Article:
EDWARD KLEINBARD, professor of law, USC’s Gould School of Law.
This op-ed originally appeared in the New York Times on Jan. 10.
The fiscal cliff may have been avoided, but an even higher-stakes political standoff — this time, over the federal debt ceiling — is just around the bend.
Congressional Republicans have said they will demand immense cuts to popular government programs in exchange for agreeing to raise the nation’s authorized borrowing limit of $16.4 trillion. The Treasury Department briefly nudged against that ceiling on Dec. 31, but used “extraordinary” financial measures to buy more time. If nothing is done, the government will soon be unable to pay all of its bills in a timely manner. This unprecedented event would profoundly damage the government’s credit rating and send the financial system into a tailspin.
So far, President Obama isn’t giving in. As he rightly said last week, he “will not have another debate with this Congress over whether or not they should pay the bills that they’ve already racked up through the laws that they passed.”
But for the president’s tough talk to be credible, Congress and the country need to know before we reach the breach point — an event that could come as early as February — that he has a plausible plan to work around the debt ceiling.
There are no great options. Most of the ideas floated so far would either severely disrupt the public markets for Treasury debt or rely on a constitutional claim of executive authority so far-reaching that we would very likely spend the next two years locked in an impeachment fight.
Some have suggested, for instance, that the president could ignore the debt ceiling and direct the Treasury to issue more bonds to cover its obligations. But the Constitution is clear, and Mr. Obama agrees, that Congress alone has the power to authorize new borrowing.
Other supposed solutions — like the notion that the Treasury Department could create a $1 trillion dollar platinum coin and deposit it in its own account at the Federal Reserve — are even more fantastical.
However, there is a plausible course of action, one that the president should publicly adopt in the coming weeks as his contingency plan should debt-ceiling negotiations falter. He should threaten to issue scrip — “registered warrants” — to existing claims holders (other than those who own actual government debt) in lieu of money. Recipients of these I.O.U.’s could include federal employees, defense contractors, Medicare service providers, Social Security recipients and others.
The scrip would not violate the debt ceiling because it wouldn’t constitute a new borrowing of money backed by the credit of the United States. It would merely be a formal acknowledgment of a pre-existing monetary claim against the United States that the Treasury was not currently able to pay. The president could therefore establish a scrip program by executive order without piling a constitutional crisis on top of a fiscal one.
To avoid any confusion with actual Treasury debt, and to be consistent with the law governing claims against the United States more generally, the scrip would not pay interest in most cases. And unlike debt, it would have no fixed maturity date but rather would become redeemable in cash only when the secretary of the Treasury was able to certify that there’s enough money available in the Treasury’s general fund to cover it.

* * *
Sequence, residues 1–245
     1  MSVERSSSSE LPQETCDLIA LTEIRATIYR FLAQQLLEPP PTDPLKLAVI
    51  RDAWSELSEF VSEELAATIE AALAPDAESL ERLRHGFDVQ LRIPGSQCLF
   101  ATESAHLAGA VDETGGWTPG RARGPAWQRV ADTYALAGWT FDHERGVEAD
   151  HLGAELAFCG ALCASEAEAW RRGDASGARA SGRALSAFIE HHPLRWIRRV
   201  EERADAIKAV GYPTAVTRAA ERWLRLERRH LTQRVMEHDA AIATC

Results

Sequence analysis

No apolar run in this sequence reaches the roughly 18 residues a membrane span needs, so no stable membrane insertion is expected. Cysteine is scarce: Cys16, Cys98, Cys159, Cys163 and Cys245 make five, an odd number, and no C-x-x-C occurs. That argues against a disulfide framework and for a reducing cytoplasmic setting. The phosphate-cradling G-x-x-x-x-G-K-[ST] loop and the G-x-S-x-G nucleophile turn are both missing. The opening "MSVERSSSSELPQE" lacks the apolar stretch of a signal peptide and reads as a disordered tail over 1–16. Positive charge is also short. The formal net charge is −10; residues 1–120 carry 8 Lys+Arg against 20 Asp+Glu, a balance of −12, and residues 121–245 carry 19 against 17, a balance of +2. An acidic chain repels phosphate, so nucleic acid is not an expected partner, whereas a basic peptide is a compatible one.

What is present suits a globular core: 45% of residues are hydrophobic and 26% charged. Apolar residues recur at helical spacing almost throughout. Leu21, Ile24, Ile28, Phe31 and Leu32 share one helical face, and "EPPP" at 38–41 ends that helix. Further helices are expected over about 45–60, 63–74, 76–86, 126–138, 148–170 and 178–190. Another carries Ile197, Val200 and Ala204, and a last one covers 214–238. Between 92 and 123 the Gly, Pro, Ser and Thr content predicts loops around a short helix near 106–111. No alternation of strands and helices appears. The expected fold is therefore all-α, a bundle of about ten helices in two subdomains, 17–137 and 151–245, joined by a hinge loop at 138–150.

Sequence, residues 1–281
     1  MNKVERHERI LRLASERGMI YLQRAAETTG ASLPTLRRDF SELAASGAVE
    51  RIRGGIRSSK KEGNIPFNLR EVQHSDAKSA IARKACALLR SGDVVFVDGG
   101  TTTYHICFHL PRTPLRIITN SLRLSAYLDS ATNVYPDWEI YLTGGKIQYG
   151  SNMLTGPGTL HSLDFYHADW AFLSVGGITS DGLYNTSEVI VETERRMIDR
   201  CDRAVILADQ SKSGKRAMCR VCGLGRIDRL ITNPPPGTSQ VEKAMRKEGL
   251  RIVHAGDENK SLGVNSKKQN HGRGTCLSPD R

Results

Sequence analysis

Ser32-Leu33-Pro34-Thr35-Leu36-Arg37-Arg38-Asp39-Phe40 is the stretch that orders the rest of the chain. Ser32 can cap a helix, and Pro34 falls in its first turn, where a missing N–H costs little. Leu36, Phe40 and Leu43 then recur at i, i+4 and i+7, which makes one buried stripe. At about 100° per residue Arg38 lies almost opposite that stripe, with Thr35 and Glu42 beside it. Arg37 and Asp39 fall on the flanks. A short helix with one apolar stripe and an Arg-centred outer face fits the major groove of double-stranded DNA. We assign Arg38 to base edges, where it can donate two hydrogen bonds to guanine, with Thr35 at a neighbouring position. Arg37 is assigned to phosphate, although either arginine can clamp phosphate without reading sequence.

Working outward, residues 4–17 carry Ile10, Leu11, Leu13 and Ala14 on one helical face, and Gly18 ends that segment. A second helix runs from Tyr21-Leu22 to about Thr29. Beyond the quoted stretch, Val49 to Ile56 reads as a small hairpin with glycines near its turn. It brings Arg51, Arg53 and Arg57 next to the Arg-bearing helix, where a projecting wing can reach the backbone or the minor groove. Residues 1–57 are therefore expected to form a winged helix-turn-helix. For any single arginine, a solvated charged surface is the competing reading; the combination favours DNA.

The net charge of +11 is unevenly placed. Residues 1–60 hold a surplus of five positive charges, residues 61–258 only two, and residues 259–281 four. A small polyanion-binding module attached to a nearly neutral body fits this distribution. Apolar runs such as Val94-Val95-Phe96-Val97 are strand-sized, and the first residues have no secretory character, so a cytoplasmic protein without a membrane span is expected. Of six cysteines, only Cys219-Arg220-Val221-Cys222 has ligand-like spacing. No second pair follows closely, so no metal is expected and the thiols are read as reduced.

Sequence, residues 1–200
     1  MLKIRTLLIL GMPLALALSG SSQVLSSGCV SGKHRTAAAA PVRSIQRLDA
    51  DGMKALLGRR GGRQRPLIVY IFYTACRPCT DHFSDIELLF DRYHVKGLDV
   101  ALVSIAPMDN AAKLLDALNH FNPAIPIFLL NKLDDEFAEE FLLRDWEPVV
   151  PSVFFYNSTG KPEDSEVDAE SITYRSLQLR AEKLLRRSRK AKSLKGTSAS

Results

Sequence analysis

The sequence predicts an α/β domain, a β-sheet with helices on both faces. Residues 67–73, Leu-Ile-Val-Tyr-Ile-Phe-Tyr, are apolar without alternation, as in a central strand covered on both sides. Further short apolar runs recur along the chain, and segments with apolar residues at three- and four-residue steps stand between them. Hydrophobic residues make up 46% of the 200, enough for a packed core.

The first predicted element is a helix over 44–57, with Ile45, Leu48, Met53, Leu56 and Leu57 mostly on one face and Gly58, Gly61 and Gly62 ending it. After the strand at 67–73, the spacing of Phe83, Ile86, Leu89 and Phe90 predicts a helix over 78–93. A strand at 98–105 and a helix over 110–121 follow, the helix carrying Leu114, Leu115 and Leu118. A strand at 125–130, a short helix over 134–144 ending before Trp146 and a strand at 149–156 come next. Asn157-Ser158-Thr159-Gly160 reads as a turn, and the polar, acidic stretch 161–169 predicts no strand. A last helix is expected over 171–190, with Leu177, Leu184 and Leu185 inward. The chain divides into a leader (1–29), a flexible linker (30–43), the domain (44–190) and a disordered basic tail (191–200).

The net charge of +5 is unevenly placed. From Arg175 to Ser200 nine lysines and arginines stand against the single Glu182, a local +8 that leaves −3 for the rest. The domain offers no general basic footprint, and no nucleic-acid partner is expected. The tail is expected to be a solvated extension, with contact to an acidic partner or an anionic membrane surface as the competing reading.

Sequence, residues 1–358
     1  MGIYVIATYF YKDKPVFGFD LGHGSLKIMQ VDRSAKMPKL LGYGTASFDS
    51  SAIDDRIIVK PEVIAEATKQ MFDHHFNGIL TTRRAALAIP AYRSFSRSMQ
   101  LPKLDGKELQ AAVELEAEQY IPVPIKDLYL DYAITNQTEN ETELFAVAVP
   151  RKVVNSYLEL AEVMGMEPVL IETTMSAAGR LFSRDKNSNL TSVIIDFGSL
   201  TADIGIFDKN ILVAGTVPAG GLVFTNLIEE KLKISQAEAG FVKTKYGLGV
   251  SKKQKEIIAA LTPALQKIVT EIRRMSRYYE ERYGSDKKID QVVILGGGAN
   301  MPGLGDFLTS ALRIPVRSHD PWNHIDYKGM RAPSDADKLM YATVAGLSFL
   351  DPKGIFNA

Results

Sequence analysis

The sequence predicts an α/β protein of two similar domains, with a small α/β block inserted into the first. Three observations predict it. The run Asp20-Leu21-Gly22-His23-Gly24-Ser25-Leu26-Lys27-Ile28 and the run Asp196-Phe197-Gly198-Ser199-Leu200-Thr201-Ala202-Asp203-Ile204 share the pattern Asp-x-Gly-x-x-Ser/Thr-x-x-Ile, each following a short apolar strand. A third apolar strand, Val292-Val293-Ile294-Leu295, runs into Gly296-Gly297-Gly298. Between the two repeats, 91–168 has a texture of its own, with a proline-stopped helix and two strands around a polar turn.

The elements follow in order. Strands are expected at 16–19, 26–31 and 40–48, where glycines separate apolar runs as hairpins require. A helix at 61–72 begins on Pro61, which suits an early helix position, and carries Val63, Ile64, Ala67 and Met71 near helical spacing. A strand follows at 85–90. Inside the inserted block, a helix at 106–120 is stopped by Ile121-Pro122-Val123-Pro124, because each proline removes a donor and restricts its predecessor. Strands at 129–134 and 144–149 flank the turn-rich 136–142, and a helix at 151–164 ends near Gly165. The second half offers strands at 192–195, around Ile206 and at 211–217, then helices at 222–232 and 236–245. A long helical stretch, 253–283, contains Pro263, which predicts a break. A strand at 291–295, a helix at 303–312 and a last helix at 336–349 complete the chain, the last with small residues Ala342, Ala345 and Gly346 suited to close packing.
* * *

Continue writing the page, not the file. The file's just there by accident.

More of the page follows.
Finally, the scrip would be transferable, allowing financial institutions to buy it at a high percentage of its face value, knowing that the political crisis would almost certainly be resolved before long.
The federal Anti-Assignment Act generally prohibits the transfer of claims against the United States from one private actor to another, but the government could waive the act’s application, which is what the president would do here.
The strategy may sound far-fetched, but it has been used before: in fact, California relied on it as recently as 2009.
Beginning in July of that year, California addressed its budget crisis by issuing 450,000 registered warrants, totaling $2.6 billion, to individual and business claimants, including recipients of aid programs, recipients of tax refunds and government contractors. Those holders who needed immediate cash were usually able to sell their registered warrants to banks at face value, though some institutions limited such purchases.
Whether as a result of public shaming, pressure from banks or a newfound sense of responsibility, the Legislature quickly worked out a budget deal and the scrip was then redeemed for cash.
Throughout the ordeal, California continued to pay its public debt service in cash and on schedule and never lost an investment-grade credit rating.
A federal scrip program, importantly, would not explicitly challenge any constitutional allocation of powers. Nor would there be confusion in the marketplace between valid Treasury bonds and this new paper, which would have a different name, financial terms and legal status. And because the scrip would be transferable, claimants forced to accept it would be able to turn it into immediate cash in private markets, for as long as the Treasury was unable to issue new debt.
Would a federal scrip program be a painless way of resolving a debt ceiling crisis? Hardly. But it would be the least awful way to defang the most extortionate demands of Congressional hard-liners — and one that would not permanently damage America’s fiscal standing in the world.